I advertise HVAC/R services on Craigslist all the time. Free and only takes a minute or two. And I usually get at least a call or two a week. Which is the best ROI I have ever had for any advertising. Of course it helps that I am willing to advertise my prices for labor and the prices of refrigerants and common services, which the industry frowns upon around my neck of the woods. Protip, when you need "freon" in your system and most companies are selling R-22 for $65.00 a pound, and Billy Bob's HAVC Services is selling it for $40.00 a pound, he is not selling stolen refrigerant, nor used refrigerant. He just decided that $40.00 bucks a pound, plus labor, plus travel charge was a good return. Especially since a 30 pound jug of R-22 was $164.00 Friday when I grabbed another jug from the supply house. Yeah, they rip you off that much. Costs ~$5.00 bucks per pounds, and sells for a minimum of $40.00 (I was working for a company 12 years ago that was selling R-22 for $48.00 a pound then, with a 30 pound jug costing ~$60-65 bucks a jug.)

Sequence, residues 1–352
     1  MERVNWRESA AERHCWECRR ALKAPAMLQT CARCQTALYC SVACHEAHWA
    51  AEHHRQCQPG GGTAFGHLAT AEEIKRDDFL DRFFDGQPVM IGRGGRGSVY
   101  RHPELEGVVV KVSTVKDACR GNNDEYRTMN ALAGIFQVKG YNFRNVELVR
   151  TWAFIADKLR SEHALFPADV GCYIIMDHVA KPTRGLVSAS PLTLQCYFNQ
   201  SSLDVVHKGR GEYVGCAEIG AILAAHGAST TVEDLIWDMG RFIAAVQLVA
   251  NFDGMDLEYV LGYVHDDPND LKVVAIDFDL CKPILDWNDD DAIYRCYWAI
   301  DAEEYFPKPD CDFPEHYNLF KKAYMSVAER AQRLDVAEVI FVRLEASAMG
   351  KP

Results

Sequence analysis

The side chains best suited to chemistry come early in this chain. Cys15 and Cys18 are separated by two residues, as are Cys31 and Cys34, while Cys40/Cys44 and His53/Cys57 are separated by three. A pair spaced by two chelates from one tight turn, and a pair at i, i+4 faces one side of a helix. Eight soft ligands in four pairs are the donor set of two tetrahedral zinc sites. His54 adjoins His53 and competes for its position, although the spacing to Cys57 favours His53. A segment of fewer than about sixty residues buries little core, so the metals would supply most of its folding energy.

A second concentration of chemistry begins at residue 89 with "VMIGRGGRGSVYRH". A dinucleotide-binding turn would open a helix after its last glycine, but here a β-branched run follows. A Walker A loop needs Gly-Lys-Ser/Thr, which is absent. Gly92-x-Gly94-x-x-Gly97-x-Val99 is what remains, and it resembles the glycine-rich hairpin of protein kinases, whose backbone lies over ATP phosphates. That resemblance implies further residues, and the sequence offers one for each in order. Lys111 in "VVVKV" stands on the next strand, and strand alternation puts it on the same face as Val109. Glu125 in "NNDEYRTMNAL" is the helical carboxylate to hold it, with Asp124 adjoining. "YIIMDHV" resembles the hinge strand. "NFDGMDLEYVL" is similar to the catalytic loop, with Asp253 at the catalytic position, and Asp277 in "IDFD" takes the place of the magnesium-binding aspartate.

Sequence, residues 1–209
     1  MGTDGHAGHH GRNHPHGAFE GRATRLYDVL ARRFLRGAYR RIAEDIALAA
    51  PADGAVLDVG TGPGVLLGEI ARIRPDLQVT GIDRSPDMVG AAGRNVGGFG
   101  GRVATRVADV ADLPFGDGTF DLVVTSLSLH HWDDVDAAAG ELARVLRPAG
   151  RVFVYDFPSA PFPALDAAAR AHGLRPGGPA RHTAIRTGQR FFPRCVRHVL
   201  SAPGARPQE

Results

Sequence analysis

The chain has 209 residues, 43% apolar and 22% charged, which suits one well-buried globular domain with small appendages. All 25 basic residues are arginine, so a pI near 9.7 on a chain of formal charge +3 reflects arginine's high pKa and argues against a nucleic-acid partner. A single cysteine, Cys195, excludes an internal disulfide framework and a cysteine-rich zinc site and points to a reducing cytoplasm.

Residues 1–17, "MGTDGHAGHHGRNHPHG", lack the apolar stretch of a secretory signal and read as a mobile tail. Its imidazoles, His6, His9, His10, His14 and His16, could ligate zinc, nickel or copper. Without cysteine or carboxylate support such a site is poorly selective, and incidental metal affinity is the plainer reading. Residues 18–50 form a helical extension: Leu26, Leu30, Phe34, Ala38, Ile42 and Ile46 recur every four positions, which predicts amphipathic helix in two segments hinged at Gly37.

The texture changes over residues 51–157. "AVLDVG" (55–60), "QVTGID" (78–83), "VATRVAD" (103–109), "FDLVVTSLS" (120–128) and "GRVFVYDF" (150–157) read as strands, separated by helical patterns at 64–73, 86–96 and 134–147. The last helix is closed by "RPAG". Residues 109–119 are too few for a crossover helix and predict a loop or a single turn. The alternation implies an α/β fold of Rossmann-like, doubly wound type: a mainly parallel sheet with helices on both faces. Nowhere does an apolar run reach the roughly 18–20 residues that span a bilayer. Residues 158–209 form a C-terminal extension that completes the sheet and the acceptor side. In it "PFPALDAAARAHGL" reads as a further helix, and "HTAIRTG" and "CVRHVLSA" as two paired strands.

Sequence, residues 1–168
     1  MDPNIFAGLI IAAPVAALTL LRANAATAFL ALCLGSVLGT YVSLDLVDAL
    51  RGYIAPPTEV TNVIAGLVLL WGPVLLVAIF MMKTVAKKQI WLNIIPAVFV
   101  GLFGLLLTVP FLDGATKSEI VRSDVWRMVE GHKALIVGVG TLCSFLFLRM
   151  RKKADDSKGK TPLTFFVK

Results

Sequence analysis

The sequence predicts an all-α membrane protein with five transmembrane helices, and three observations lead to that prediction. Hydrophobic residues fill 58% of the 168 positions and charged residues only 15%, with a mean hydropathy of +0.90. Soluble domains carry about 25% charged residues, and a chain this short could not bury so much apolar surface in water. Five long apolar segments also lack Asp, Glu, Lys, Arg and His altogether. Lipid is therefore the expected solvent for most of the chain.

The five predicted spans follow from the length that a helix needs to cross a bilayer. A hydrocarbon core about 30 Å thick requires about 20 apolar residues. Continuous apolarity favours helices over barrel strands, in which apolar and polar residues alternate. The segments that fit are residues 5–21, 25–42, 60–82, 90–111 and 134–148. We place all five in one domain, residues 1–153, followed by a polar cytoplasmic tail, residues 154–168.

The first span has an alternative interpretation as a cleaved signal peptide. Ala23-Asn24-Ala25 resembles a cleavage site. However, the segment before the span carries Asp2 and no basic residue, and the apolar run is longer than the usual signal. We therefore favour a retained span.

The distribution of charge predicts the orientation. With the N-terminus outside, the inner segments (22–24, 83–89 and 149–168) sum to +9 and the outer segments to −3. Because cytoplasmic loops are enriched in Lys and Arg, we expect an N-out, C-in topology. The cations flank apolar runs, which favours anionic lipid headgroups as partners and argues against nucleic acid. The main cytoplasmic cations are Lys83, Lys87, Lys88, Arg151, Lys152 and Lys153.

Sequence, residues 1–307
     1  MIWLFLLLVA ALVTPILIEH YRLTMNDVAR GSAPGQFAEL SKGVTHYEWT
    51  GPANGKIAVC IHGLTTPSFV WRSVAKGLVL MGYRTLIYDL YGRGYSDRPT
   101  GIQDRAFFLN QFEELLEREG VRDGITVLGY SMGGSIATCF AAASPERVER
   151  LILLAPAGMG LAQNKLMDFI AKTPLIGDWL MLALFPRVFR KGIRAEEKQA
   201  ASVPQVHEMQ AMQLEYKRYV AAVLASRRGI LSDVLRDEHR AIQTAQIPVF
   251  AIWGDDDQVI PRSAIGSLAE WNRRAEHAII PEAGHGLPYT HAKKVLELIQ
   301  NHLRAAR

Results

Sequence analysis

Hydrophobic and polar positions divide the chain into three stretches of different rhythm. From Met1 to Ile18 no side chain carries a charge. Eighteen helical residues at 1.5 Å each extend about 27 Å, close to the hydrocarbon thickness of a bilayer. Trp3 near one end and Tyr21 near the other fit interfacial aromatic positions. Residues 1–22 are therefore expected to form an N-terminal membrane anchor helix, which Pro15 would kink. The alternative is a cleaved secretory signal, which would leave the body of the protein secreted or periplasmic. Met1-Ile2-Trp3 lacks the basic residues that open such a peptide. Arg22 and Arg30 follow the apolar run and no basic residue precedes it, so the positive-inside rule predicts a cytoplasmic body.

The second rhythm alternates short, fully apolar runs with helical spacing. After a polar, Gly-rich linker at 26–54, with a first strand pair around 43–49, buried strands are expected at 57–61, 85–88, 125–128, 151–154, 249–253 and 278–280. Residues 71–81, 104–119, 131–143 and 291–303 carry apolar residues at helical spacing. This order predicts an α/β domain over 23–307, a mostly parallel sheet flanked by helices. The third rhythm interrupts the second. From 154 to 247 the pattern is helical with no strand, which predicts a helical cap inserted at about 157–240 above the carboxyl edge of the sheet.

You don't use it much, do you? (1)

rusl (1255318) | more than 3 years ago | (#35087274)

Or maybe you're looking at the sex ads? I look at the sex/personal ads too from time to time, I've never acted on one but they are interesting to observe. Anyway most of those are fake.

But otherwise I don't see much fake stuff. Lots of people sell tools and electronics, stuff for parents. It's a great free system and craigslist is very altruistic to do it without fees (except in NY or something like that?). You just hate craigslist and you don't use it much because you don't know what you are talking about. Obviously it doesn't work for everything (the catagories you mention)